Listen to this song by serial musical collaborator Elvis Costello and smooth-as-silk pop classicist Burt Bacharach. It’s “What’s Her Name Today?” as taken from their must-hear 1998 album Painted from Memory. It’s the record which features the higher profile track “God Give Me Strength” as featured in the movie Grace Of My Heart.
Sometimes, the wallflower tune on a record that has plenty of songs which vye for my attention is my favourite of the bunch. “What’s Her Name Today?” is one of those, packing as hard an emotional and melodic punch as any song on Painted From Memory. This is a tale of a man confronting another man about the poor way he treats women, knowing that he does it because he was once ruined by a certain one who’s now out of reach.
It’s a classic tale of revenge, and yet one that ultimately casts the revenger as one who can’t receive any satisfaction. The one on whom he seeks revenge has long gone. Yet, behind lay a trail of innocents whom one can imagine will feel the need to pass along some bitterness of their own. It’s a powerful song, exploring how damage to the human heart often spreads to others if not properly addressed.
Yet, because Costello’s delivery suggests a tone of pity, not judgment, this is not an angry song so much as a sad one. And this matches most, if not all, of the songs on this extremely well-crafted and emotionally engaged record of love-gone-wrong songs. And who better to deliver them than Costello, and one of his heroes Burt Bacharach.
Costello had covered “I Just Don’t Know What To Do With Myself” way back in 1977 when he toured his first album. But more recently in 1996, the two had collaborated on the centrepiece of the movie soundtrack for Grace of My Heart, which was their co-penned “God Give Me Strength”. A full record was not only welcome, but kind of expected too.
And here you can hear Costello come into his own as a vocalist, with Bacharach’s intricate stylings pushing him beyond his comfort zone to bring out Elvis’ torch singer side. Costello keeps the proceedings from getting too sentimental, which keeps Bacharach in check. It’s a great example of a true collaboration, when each artist walks away all the better for having been involved.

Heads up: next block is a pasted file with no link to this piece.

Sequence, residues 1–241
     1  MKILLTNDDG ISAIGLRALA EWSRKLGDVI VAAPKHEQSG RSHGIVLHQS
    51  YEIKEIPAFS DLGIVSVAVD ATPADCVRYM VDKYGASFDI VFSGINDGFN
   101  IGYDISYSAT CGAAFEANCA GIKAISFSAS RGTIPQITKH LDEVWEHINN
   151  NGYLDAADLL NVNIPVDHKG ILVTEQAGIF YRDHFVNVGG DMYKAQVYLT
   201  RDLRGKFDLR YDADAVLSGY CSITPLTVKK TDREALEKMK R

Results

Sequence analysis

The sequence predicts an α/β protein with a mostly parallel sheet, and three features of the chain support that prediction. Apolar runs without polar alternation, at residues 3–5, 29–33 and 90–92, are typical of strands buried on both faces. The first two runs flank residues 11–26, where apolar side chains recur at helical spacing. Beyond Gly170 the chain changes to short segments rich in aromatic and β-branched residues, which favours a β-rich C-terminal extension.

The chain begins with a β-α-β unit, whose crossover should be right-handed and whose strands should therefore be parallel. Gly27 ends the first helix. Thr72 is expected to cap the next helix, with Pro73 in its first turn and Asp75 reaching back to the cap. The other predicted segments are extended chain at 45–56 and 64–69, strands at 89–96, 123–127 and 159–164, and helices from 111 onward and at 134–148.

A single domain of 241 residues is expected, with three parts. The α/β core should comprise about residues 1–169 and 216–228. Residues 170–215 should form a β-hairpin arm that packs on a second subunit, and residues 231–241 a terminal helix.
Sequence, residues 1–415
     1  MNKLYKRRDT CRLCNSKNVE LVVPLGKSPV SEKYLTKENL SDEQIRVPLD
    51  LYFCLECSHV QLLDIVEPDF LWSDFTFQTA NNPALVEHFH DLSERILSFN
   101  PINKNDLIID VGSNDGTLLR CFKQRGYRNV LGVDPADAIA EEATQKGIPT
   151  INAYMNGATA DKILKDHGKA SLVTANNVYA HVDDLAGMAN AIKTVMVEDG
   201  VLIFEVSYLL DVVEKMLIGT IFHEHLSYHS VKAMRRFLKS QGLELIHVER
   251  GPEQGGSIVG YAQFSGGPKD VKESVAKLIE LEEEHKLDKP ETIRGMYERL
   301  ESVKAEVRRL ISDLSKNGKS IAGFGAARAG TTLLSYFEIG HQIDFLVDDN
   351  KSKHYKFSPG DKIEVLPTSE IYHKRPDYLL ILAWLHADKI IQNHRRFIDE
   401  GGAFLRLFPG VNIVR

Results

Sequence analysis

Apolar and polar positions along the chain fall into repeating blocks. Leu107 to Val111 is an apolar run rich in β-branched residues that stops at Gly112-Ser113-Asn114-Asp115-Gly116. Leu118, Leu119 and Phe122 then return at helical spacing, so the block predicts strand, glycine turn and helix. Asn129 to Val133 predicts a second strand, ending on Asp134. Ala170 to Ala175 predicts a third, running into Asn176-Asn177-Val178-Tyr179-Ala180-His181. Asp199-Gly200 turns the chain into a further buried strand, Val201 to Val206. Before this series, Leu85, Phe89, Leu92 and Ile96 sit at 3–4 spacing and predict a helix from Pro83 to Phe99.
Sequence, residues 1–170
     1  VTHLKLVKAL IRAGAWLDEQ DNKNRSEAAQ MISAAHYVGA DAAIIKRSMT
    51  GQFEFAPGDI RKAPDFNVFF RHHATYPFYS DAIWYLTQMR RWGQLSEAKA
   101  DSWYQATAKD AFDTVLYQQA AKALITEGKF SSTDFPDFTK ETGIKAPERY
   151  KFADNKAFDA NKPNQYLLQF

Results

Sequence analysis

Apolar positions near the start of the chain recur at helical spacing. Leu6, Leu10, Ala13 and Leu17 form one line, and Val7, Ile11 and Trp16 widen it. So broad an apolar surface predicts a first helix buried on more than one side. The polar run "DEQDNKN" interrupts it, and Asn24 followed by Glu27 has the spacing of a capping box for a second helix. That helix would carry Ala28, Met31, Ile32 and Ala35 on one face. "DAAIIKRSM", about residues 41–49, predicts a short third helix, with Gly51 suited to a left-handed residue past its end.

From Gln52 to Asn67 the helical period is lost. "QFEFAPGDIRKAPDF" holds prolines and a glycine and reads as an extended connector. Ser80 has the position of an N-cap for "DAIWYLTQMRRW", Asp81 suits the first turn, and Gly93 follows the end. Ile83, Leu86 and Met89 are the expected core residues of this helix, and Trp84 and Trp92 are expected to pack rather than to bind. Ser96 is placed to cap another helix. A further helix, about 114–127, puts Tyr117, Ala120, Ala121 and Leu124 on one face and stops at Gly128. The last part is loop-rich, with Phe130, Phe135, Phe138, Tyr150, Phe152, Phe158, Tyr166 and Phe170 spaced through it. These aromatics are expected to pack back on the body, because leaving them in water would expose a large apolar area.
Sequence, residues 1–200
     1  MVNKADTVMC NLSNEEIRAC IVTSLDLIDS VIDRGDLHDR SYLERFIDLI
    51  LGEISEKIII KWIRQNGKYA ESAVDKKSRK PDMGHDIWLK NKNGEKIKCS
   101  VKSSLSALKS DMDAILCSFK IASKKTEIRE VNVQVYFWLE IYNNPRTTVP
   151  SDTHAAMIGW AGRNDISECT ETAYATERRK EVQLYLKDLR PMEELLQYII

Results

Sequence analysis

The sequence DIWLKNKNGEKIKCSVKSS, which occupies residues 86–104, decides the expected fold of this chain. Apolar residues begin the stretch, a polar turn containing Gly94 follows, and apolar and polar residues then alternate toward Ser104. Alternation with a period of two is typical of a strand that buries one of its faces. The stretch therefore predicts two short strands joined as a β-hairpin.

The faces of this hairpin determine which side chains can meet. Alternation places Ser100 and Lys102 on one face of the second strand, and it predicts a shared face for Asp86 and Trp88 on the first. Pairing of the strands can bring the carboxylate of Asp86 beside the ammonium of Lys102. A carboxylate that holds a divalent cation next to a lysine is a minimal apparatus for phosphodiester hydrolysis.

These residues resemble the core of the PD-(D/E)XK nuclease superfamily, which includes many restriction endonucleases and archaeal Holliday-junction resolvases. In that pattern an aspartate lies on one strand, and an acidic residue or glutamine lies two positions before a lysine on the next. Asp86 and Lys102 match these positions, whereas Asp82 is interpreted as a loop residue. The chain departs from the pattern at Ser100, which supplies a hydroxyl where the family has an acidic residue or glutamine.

Costello has been criticized for his musical tourism, for the thought that after a few pints he’s anybody’s as far as musical collaborations go. I don’t agree. I think he’s a music fan, that’s all. He’s got an extensive record collection, and made a list of his 500 essential must-hear albums published in Vanity Fair magazine in 2000, with artists ranging from ABBA to Bartok, to the Clash, to Count Basie.
But, being Elvis Costello, he adds a dimension to his musical curiosity. When he’s in the position to make a record with an artist he admires, he takes the opportunity to do so. To me, that just an extension of his being a music fan. It’s hard to argue with that, even if you don’t approve of the results.
For more information about Elvis Costello, I’d urge you to check out his recently revamped Elvis Costello Official Site.
And for more Burt Bacharach, investigate A House Is Not A Homepage, an unofficial Burt Bacharach webpage with a cool title.